Here’s the thing though.. even with all that it was the sex that made this book great to me. Take that away, and I give this 3 stars. With the sex I give 5. I am looking forward to reading the rest of this series!

There was one thing I had to flat out ignore. So she is trained as a courtesan spy. Cool. Except literally everyone knows this. Allies, friends, enemies, people who know people that have talked to other people – everyone. Somehow they still manage to let important information be discussed around her, or they simply tell her themselves. I mean, really? That’s a small thing however.

My Rating: ☆☆☆☆☆

Book Review: Redshirts ☆☆☆

redshirtsSo I’ve seen this book floating around the SF/F community for years now, but I wasn’t quite sure about it. Don’t get me wrong I like Star Trek, and have laughed at many redshirt jokes over the years, but can you really make a compelling novel about said jokes? I wasn’t sure, and have passed on this book many times as a result. I finally picked it up at my library this week after reading a blurb by Patrick Rothfuss saying it was the funniest book he’d ever read, ever. So of course I had I’d give it a try!

For whatever reason the humor just wasn’t the LOL hilarity that I was led to believe it would be. That’s twice now Rothfuss! (The other time being a blurb he did about The Last Unicorn which when I read I didn’t really enjoy much.) I mean I could see the jokes, and having watched many the different iterations of Star Trek I could even appreciate them, but they just didn’t make me laugh. Maybe I was too focused on the characters themselves to appreciate the fourth wallish humor. Or maybe I was just Mr. Grumpy Pants at the time. Who knows.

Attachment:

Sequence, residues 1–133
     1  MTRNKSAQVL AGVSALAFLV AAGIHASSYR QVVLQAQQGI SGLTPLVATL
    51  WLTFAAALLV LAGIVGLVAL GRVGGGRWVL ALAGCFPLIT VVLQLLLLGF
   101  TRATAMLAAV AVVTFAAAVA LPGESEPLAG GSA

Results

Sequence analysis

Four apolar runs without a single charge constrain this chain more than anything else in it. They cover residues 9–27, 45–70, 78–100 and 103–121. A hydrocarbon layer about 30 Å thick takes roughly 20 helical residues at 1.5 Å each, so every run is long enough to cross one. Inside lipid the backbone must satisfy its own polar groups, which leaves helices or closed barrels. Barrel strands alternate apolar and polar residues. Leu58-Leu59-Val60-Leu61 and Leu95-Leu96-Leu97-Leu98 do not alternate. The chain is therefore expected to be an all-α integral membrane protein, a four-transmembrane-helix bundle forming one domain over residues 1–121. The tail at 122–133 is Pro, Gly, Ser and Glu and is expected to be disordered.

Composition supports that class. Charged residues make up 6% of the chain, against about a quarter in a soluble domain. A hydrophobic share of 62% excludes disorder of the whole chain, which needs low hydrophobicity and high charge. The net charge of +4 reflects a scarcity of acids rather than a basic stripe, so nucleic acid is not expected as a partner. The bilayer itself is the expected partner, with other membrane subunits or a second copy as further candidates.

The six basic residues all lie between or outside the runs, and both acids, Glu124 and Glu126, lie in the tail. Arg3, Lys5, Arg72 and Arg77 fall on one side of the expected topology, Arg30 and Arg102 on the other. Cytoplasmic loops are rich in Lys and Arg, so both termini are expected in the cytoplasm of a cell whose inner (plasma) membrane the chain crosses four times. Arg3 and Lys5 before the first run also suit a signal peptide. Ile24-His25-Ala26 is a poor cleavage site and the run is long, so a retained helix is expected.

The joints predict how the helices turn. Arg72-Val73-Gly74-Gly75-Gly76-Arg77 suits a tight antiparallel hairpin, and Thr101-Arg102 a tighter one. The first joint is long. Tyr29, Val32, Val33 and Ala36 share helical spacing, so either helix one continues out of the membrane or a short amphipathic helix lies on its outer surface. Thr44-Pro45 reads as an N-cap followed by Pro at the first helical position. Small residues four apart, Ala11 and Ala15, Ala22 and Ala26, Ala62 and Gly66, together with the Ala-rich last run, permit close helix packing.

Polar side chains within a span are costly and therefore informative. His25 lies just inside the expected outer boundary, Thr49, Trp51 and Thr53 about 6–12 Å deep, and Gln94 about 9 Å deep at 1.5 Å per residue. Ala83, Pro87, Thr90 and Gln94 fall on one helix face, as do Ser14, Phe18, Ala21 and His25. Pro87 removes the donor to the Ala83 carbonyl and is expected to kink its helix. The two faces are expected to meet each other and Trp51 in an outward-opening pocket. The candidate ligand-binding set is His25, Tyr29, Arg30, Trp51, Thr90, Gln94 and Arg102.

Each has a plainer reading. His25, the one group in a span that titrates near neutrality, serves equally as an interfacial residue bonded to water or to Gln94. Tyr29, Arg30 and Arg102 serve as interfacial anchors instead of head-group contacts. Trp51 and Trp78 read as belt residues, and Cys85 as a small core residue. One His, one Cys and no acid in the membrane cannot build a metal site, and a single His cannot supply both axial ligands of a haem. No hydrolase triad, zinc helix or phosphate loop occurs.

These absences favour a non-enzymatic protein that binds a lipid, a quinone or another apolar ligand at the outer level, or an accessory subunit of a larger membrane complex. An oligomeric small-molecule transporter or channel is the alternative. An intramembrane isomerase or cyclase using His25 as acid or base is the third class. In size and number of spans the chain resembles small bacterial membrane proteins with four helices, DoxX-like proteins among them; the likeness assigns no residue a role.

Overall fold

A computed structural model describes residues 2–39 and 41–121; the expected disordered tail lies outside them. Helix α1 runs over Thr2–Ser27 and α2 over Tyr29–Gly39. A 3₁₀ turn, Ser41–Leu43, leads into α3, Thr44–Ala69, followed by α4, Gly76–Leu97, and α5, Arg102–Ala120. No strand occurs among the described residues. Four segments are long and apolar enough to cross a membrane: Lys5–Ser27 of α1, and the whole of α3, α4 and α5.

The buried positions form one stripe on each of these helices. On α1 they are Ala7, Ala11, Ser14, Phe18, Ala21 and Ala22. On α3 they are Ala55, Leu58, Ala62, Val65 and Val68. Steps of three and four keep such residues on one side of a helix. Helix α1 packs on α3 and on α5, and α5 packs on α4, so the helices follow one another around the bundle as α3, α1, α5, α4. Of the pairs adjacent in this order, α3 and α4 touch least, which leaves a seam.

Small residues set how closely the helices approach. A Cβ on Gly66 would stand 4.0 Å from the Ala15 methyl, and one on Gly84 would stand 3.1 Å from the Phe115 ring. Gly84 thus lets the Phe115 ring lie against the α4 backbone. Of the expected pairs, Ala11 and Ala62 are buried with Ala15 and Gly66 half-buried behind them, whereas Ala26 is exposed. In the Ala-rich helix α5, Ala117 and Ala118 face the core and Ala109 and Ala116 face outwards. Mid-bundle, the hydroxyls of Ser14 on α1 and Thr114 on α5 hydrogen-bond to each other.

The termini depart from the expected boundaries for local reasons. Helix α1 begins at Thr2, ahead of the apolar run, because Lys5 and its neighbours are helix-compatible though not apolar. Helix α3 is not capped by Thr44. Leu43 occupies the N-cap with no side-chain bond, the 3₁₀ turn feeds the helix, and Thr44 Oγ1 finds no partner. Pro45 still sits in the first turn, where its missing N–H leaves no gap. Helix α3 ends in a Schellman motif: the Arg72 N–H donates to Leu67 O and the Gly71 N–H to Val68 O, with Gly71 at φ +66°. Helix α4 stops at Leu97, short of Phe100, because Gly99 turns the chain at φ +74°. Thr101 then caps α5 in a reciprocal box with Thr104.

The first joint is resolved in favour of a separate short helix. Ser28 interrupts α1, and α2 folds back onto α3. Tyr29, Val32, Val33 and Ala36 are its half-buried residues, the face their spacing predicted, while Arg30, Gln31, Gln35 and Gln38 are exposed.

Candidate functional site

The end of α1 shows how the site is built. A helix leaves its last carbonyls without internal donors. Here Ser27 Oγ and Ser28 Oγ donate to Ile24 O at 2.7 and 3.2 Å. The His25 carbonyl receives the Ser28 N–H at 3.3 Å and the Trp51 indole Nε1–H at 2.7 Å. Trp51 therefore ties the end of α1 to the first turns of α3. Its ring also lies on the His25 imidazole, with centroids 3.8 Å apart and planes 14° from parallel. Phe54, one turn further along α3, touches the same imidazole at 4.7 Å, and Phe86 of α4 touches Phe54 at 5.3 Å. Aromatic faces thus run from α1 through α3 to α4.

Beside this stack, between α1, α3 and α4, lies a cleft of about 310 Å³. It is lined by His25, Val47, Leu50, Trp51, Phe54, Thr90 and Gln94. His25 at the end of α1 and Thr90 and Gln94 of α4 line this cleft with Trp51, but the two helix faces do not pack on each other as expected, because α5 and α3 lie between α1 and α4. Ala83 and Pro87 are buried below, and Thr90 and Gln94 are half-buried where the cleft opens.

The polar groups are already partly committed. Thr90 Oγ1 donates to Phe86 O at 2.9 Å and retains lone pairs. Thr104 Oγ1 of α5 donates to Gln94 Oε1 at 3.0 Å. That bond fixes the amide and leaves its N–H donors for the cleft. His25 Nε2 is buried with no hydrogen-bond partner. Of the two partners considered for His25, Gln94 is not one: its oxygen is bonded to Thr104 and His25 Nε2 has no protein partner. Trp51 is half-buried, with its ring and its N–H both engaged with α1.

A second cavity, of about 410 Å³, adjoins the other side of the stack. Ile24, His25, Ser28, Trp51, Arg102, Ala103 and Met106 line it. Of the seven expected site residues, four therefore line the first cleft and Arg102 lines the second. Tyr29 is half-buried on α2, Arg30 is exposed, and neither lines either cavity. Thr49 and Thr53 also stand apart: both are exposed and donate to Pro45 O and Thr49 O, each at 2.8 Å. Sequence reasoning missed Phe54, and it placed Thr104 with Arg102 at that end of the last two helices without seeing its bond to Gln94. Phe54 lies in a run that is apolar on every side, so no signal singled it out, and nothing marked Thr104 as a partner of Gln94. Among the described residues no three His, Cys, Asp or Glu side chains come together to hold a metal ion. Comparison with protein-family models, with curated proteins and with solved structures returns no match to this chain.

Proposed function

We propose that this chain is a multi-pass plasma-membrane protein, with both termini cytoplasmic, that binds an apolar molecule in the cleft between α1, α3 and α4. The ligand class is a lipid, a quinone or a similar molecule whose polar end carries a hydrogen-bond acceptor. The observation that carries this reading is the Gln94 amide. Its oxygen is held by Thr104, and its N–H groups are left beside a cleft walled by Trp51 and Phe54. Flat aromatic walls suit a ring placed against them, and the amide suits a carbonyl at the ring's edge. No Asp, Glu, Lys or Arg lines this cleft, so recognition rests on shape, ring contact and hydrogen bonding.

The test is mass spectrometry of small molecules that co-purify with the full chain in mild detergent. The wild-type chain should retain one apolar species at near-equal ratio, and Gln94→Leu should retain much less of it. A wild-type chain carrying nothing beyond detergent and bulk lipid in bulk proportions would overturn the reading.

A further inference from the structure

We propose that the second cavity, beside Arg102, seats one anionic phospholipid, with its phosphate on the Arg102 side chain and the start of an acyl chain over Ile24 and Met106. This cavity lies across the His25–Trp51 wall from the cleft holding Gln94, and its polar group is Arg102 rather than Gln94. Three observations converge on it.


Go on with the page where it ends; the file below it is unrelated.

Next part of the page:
The story itself was okay, but a bit shallow. There just isn’t much there to sink your teeth in. Given that it is a book basically built on a long running joke I kind of counted on that. I was hoping to be pleasantly surprised, but no biggie.

It was also a short book. It weighs in at 320 pages, but the actual story is more like 200 pages. After that it cuts away from our Redshirts, never to return, and does a separate thing altogether. Basically there are three short stories which close some threads introduced at the end of the actual story. Each of these stories is written in a different POV style – first, second, and third. That part was cool, but again it wasn’t really part of our Redshirt adventure.

Overall it was okay. Redshirts was pretty much what I expected when I first started hearing about the book, but not what I had hoped it might be. Definitely worth a read if you are a Star Trek fan, and who knows you might enjoy it far more than I did.

My Rating: ☆☆☆

P.S. In related fandom news.. Who else is excited about Star Trek: Discovery?!

Book Review: The Ocean at the End of the Lane ☆☆☆☆☆

oceanThe Ocean at the End of the Lane may be my absolute favorite Gaiman. I could probably say, and no doubt have said, that Neverwhere, and American Gods are as well, and mean(t) it for each. Likely whichever I’ve read last is my favorite, which for now is The Ocean at the End of the Lane. It’s only 178 pages, but that is because it is the distilled essence of amazing storytelling. I have read books with hundreds of more pages that have failed to pack half as much punch as this small novel.

It is the story of a man remembering the forgotten pieces of his childhood after returning to his hometown for a funeral. We never learn whose funeral, but it isn’t important. In fact we never learn the name of the man/boy, but that doesn’t matter either. It is a story of magic and wonder, fear, courage, and sacrifice, and of friendship and family. This story is filled with many dark moments, but you never feel a loss of hope. It is a story that is beautiful in its sadness leaving you in a state of contemplative melancholy. It has for me both times I’ve read it at least.

I don’t want to describe the plot because of spoilers, but I would love to learn more about the Hempstock ladies (and men!). Or the old country even. As I stated in my review of The Ice Dragon, The Ocean at the End of the Lane is a story that, to me at least, is less about the story itself, and more about how it makes me feel. I would describe it to you, but I’m not sure I fully understand it myself.

Others could do a better job of it I’m sure. Perhaps after further rereads I’ll be able to do it justice. And I will definitely be rereading this again as it is easily one of my favorite books. I appreciated it even more this reread than I did the first time.

My Rating: ☆☆☆☆☆